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Berrien County was created 25
February 1856 out of portions of Coffee, Irwin and Lowndes counties
by an act of the Georgia General Assembly.
The county seat is
Berrien County, in South Georgia, and one
of the most progressive in the wire-grass section, was named in
honor of John McPherson Berrien, who for many years represented
Georgia in the United States Senate.
Nashville, connected with
the Georgia Southern and Florida Railroad by the Nashville and
Sparks, a short road 11½ miles long, is the county seat. The
district of the same name has 1,821 inhabitants, of whom 293 live in
Sparks, Adel and Cecil are towns on the Georgia
Southern and Florida Railway. The population of each [in 1900] is as follows:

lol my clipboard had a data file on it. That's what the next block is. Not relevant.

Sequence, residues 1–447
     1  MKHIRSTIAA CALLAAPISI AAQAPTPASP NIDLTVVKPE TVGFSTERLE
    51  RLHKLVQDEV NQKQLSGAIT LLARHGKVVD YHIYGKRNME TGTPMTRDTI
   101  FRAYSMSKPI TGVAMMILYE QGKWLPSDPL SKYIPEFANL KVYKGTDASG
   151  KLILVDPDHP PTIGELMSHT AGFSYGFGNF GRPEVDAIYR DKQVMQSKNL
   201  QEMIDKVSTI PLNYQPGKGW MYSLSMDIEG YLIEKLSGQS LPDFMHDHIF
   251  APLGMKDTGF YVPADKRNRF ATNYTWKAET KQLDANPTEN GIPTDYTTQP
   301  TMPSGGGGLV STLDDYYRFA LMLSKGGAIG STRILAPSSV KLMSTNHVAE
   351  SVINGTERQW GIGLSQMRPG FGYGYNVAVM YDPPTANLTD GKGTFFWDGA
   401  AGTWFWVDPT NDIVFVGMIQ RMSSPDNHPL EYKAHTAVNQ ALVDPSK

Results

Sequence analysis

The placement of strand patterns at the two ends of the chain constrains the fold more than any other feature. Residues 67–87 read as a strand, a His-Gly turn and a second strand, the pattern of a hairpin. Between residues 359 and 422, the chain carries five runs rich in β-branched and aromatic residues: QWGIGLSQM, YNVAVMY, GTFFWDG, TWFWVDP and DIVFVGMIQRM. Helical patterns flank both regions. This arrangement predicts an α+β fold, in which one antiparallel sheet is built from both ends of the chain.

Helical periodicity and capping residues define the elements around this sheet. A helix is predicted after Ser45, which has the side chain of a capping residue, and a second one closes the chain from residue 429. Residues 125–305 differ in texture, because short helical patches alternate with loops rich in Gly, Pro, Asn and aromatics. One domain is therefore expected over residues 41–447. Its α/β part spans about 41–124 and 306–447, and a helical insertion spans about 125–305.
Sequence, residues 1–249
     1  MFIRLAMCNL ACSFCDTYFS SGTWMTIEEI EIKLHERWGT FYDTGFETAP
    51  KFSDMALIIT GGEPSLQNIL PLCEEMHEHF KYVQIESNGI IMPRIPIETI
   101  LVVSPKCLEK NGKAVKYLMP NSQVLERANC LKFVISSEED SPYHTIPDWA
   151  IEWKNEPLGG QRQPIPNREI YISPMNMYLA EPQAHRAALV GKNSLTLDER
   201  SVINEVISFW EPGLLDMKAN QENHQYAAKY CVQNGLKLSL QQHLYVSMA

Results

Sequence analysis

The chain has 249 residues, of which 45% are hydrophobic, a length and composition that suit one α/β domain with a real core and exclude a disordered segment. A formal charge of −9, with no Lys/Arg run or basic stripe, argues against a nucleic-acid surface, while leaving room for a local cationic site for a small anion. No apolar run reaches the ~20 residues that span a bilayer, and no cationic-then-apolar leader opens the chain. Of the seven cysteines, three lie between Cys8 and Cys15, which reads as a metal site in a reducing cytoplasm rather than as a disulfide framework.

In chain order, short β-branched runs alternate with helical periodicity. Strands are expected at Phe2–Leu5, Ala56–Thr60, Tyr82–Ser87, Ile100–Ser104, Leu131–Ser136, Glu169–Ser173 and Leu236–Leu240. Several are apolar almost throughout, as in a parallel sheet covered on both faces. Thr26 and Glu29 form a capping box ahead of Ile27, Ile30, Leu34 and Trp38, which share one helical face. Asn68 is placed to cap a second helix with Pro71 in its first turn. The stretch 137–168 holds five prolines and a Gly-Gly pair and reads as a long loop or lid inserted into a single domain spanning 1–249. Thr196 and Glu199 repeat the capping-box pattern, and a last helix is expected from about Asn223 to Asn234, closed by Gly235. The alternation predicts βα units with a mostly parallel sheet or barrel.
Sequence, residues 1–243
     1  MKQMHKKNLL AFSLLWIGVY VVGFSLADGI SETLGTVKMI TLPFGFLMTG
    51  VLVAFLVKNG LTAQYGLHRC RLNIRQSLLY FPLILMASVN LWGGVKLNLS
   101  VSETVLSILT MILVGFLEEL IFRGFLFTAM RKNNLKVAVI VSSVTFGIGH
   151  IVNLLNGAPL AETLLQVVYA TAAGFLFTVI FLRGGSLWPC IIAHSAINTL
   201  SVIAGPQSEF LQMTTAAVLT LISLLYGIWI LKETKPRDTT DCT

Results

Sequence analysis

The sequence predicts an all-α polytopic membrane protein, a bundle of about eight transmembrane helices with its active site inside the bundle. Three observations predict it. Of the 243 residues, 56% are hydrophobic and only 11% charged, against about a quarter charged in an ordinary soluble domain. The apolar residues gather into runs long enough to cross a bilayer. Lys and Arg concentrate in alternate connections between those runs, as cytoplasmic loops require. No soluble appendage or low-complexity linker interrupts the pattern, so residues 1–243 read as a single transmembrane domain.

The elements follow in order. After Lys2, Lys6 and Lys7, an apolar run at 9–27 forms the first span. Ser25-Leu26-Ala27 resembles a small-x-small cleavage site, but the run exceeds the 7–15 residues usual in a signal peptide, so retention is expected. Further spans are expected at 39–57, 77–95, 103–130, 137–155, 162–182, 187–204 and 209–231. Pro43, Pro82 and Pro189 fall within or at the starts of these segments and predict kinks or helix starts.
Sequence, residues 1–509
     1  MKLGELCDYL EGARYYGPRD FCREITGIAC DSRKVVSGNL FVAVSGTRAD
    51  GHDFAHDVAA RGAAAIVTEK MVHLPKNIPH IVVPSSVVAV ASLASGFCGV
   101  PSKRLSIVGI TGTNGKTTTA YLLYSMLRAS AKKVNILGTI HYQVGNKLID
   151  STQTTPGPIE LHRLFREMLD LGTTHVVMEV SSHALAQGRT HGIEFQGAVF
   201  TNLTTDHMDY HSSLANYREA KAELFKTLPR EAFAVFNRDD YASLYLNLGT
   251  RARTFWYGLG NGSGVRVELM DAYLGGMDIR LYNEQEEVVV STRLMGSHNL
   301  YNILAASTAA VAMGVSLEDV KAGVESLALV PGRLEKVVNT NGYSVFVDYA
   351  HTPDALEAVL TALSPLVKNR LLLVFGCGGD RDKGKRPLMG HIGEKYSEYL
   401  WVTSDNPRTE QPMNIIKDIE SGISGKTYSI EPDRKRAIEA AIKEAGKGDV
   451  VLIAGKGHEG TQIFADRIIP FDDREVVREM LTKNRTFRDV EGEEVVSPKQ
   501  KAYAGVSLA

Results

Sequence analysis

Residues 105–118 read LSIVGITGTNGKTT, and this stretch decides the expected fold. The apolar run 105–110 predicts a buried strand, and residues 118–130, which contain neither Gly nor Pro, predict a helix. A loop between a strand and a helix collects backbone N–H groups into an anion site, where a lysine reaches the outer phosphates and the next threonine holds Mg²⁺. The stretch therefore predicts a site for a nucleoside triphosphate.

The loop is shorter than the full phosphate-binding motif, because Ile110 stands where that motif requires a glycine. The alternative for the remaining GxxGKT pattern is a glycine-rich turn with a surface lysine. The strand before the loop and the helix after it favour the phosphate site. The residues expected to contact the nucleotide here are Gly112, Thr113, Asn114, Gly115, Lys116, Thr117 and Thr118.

Sparks, 683 in the
corporate limits and in the entire district 2,170; Adel, 721 in the
corporate limits, and in the entire district 1,799; Cecil, 394 in
the corporate limits, and in the entire district, 1,178.
town of Allapaha, on the Brunswick and Western Railroad of the Plant
System, has in the corporate limits a population of 429, and in its
entire district 1,986.
Thus we have in Berrien county five
good towns, the largest of which, Tifton, described in the beginning
of this sketch, did not appear on the census report of 1890, but in
the last ten years has shown a rapid growth.
Near Lenox on the
Georgia Southern and Florida Railroad is a large brickyard.
Sparks a company has been organized for manufacturing brick and
building materials, and for operating gins and
Source: "Georgia, Historical and
Industrial", By Obediah B. Stevens, Robert F. Wright, Georgia. Dept.
of Agriculture, 1901
Alapaha -- Enigma
-- Nashville -- Ray City